After planting, water deeply. Add one to two inches of mulch or pine straw atop the fresh soil. Leave room around the base of the plant as putting mulch too close could cause the bark rot. Once Chinese Holly has been planted properly, it is exceptionally beautiful and also very adaptable. The plants crave only occasional deep watering if the weather is extremely dry but generally prove to be both resistant to drought and heat.
Established trees should be fertilized every 2-3 years. Feed in early spring when plants start growing.
Fertilizers are available in many forms: granulated, slow-release, liquid feeds, organic or synthetic. Determine which application method is best for the situation and select a product designed for trees and shrubs, or go with a nutritionally balanced, general-purpose formula such as 10-10-10.
Always follow the fertilizer package directions for application rates and scheduling. Over-fertilizing plants or applying at the wrong time during the growing season can result in plant injury.
Chinese hollies can be lightly pruned or sheared almost any time of year. Hard pruning, to rejuvenate an old and tired plant or to reduce the size of a plant that has outgrown the space it was intended to fill, should be performed in late winter before new spring growth begins to emerge. More on that below.
Removal of dead or damaged branches can and should be done when they appear. Cut damaged branches at a point just past the breakage. Cut dead branches off below the dead part or at their origin. Discard these plant parts.
Any time of year, a sharp pair of bypass hand pruners can be used to cut back a stray branch that is spoiling the shape of the plant. Make your pruning cut at a point along the branch just above the main form of the plant.
As mentioned, Chinese hollies are immensely popular for use as formal hedges or topiary shapes. Sharp hedge clippers or trimmers can be used several times during the growing season to lightly shear plants to desired shape.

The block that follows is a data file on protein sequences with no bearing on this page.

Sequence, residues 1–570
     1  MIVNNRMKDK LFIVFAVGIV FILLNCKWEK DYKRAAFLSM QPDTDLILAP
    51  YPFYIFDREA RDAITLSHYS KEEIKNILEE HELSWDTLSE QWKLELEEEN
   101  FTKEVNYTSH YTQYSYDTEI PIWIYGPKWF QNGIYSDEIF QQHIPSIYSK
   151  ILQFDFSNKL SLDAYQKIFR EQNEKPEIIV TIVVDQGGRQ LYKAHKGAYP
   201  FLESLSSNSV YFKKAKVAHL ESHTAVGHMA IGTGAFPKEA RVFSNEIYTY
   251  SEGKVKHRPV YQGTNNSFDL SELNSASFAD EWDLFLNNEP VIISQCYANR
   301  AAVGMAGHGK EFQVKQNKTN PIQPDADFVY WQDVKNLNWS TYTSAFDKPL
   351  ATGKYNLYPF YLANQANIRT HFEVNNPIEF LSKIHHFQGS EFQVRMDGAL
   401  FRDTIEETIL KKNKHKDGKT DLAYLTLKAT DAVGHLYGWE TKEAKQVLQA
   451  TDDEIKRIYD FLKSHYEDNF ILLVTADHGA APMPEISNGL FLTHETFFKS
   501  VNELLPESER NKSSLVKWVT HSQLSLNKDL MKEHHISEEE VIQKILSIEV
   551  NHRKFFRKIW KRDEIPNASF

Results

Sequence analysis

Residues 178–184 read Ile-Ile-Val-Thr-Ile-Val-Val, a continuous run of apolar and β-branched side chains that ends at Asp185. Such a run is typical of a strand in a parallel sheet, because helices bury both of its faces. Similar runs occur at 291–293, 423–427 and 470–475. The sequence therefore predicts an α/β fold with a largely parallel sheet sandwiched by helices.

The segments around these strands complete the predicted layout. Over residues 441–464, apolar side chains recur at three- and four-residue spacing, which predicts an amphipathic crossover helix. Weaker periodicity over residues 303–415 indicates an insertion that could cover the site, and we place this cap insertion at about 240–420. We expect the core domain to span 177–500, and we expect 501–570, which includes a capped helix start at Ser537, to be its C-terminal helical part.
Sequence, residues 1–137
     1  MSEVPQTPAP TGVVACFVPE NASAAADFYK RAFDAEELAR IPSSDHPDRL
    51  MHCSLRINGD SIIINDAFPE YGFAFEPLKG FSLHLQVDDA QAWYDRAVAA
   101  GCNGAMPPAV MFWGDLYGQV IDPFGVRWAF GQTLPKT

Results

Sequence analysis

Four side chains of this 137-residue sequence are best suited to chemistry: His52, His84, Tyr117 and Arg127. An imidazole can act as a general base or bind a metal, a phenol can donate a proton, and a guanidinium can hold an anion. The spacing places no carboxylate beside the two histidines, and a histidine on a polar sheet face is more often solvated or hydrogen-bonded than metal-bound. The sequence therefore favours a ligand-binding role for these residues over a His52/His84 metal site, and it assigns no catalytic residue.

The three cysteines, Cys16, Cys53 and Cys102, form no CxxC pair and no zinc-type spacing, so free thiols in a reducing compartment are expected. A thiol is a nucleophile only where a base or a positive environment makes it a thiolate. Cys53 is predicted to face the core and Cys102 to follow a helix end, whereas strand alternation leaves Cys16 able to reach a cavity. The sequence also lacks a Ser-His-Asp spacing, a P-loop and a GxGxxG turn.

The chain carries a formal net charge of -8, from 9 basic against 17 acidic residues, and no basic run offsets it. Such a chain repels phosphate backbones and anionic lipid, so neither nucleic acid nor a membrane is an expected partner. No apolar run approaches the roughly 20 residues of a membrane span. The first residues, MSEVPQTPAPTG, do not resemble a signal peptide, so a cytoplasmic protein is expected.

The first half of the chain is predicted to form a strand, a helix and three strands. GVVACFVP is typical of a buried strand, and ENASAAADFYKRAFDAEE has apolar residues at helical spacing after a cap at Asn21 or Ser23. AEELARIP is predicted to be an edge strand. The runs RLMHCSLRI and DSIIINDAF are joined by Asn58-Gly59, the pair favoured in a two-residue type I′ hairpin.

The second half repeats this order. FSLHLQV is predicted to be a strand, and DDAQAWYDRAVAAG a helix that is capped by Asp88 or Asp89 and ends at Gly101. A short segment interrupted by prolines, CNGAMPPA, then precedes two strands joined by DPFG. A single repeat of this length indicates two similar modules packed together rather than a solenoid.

Pests and Diseases
Holly leaf miner, scale, whitefly, and spider mites are occasional insect pests. Powdery mildew, leaf spot, leaf rot, and tar spot are potential disease problems. However, it is resistant to Phytophthora root rot. Depending on their planting location this shrub can exhibit chlorosis from high pH soils, leaf drop, or leaf scorch. This plant does spread rapidly and has been listed by USDA as an invasive species in GA.
Chinese holly (Ilex cornuta) FAQ
According to the ASPCA, holly is toxic to cats, dogs and horses. Leaves and berries have low toxicity, but vomiting, diarrhea and depression are possible side effects. Note: Chinese Holly berries are poisonous to humans and should be saved for the birds.
Do all holly plants produce berries?
Nearly all varieties are dioecious, with male and female flowers occurring on separate plants. This means that female plants, which produce berries, need to be sited near a male pollinator in order to bear fruit. One male is sufficient to pollinate 5 to 20 females, and should be sited within 50 feet of female plants. It’s essential that plants bloom at the same time, so many cultivars are sold as male and female counterparts such as ‘Blue Prince’ and ‘Blue Princess’.